Incorporation numbers managed a slight recovery in the third quarter of 2019, with the Financial Services Commission reporting a 9.58 percent increase over Q2’s dismal performance, which saw the lowest number of new incorporations since quarterly reporting began in 2003.
However, with just 6,975 new incorporations — 664 fewer than Q3 of 2017 — last year’s Q3 still managed to be the worst-performing Q3 since 2003 and the second- worst quarter overall.
The quarter’s new incorporations brought the overall number of active companies up to 402,234. The territory had shed 11,906 companies between March 31 and June 30, 2019.
Despite the new incorporations, the Q3 numbers still represented a 27.15 percent decrease from Q3 of 2018, and a continuation of the overall downward trend in the industry since the 2009 global economic crisis. Industry leaders have attributed the most recent losses largely to uncertainty
surrounding new “economic substance” regulations, which took effect Jan. 1, 2019.
The industry has been dogged by uncertainty about which companies would survive the new requirements, which call for VI-incorporated companies that are tax resident in the VI and engaged in certain activities to demonstrate “adequate substance.”
The law kept the VI off a European Union blacklist, but stakeholders believe its effect on business is still being felt.
With 2,600 fewer incorporations than Q3 of 2018, the latest numbers also suggest that 2019 has little hope of matching that year, which offered a glimmer of hope when 37,415 new incorporations amounted to a 4.4 percent increase year-on-year.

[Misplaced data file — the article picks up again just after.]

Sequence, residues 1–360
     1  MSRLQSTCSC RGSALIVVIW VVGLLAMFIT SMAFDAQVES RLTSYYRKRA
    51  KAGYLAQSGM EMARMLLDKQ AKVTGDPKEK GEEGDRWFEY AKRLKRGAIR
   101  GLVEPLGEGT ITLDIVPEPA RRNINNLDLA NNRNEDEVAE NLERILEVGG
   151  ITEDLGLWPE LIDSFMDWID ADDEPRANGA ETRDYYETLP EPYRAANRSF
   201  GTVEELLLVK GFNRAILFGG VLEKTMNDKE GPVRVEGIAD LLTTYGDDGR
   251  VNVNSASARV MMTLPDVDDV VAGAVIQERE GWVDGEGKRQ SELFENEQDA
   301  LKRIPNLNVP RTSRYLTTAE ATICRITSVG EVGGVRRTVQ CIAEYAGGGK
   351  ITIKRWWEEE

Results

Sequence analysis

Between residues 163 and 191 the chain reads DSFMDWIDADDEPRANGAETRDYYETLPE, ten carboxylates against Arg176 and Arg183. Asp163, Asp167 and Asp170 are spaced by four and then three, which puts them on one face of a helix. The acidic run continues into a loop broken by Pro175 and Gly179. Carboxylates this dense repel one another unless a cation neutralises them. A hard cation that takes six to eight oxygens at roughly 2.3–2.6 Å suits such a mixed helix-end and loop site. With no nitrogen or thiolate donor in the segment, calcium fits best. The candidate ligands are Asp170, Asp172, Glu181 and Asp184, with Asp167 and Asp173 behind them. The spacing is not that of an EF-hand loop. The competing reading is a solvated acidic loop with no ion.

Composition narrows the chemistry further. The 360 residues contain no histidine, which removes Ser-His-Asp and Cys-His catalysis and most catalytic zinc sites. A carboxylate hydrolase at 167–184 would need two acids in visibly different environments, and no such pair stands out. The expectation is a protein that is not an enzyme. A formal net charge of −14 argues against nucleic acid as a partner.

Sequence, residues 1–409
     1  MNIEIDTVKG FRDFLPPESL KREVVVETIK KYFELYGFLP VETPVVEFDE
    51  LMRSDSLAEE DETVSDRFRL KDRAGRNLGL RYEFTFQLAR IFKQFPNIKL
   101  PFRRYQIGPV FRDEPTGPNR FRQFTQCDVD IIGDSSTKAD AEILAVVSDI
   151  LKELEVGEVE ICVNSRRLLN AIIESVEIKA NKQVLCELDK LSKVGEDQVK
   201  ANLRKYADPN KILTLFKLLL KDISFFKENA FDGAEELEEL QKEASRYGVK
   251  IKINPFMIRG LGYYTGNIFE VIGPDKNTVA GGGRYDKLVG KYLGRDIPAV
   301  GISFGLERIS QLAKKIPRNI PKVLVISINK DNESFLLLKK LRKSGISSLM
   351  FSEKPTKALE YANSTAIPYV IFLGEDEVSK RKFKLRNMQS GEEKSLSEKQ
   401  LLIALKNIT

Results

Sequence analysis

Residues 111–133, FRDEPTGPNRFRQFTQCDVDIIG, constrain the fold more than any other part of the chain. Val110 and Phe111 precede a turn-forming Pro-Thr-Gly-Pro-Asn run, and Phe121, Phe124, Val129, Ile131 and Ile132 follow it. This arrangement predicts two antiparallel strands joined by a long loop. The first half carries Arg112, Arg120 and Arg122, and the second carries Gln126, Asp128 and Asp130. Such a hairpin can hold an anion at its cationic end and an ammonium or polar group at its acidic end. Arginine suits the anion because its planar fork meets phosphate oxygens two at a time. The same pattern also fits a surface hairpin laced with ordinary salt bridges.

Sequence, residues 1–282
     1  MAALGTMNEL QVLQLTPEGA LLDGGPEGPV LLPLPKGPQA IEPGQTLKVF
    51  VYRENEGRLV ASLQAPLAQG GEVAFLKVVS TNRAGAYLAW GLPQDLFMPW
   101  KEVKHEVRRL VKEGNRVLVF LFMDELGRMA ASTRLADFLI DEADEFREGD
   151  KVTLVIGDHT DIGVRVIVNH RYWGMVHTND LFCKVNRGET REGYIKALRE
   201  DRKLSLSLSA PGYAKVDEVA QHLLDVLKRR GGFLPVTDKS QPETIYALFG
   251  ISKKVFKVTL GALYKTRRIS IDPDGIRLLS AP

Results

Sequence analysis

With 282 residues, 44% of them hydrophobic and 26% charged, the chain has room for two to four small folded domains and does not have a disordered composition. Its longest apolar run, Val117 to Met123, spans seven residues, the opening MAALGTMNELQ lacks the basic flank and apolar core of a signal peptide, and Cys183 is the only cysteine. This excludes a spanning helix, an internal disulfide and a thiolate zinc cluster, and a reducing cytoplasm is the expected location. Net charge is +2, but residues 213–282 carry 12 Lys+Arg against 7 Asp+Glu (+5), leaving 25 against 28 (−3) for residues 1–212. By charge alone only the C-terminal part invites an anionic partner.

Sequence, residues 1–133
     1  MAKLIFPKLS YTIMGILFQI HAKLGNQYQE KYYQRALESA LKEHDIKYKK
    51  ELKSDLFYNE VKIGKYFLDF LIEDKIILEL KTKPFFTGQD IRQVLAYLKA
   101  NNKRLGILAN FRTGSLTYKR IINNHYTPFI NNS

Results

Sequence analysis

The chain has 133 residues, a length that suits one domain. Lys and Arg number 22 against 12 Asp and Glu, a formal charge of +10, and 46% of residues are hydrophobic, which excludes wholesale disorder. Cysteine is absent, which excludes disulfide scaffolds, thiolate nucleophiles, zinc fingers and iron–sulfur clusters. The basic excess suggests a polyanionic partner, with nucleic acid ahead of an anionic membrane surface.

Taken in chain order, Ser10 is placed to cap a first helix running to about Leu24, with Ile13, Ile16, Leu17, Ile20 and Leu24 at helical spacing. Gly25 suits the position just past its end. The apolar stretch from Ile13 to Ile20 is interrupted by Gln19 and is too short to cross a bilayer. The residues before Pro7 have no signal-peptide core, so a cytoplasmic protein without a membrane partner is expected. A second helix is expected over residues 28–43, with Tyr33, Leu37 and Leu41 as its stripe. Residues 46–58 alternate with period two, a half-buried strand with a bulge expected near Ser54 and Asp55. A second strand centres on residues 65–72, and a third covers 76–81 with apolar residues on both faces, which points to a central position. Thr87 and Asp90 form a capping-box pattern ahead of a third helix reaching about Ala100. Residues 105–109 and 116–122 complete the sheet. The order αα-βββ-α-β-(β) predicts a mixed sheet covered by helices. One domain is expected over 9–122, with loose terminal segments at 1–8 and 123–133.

Limited partnership registrations, after dipping last quarter, shot up to 48, for a 29.73 percent increase. However, this was 66 fewer LP formations than Q3 of 2018, for a decrease of 57.89 percent. This brings the cumulative number of LPs to 927 — 94 more than last quarter.
The Limited Partnership Act was enacted in December 2017 as a simpler and more flexible alternative to the territory’s incorporation rules, and BVI Finance CEO Elise Donovan has praised the sector’s “consistent growth.”
Although trademark registration was not as dramatic as last quarter, it continued its upswing, with 14 more applications leading to a 18.67 percent increase over Q2, and a 28.99 percent increase over Q3 of 2018.
Since the enactment of the Trademarks Act of 2013, more than 1,000 new applications to register a trademark have been filed. With 221 applications filed as of Q3, 2019 has already nearly surpassed 2018, when 225 applications were filed in total.
According to the report, the most popular class of trademark this quarter was Class 35 — which includes advertising, business management or office functions — followed closely by Class 36: insurance, financial and real estate affairs.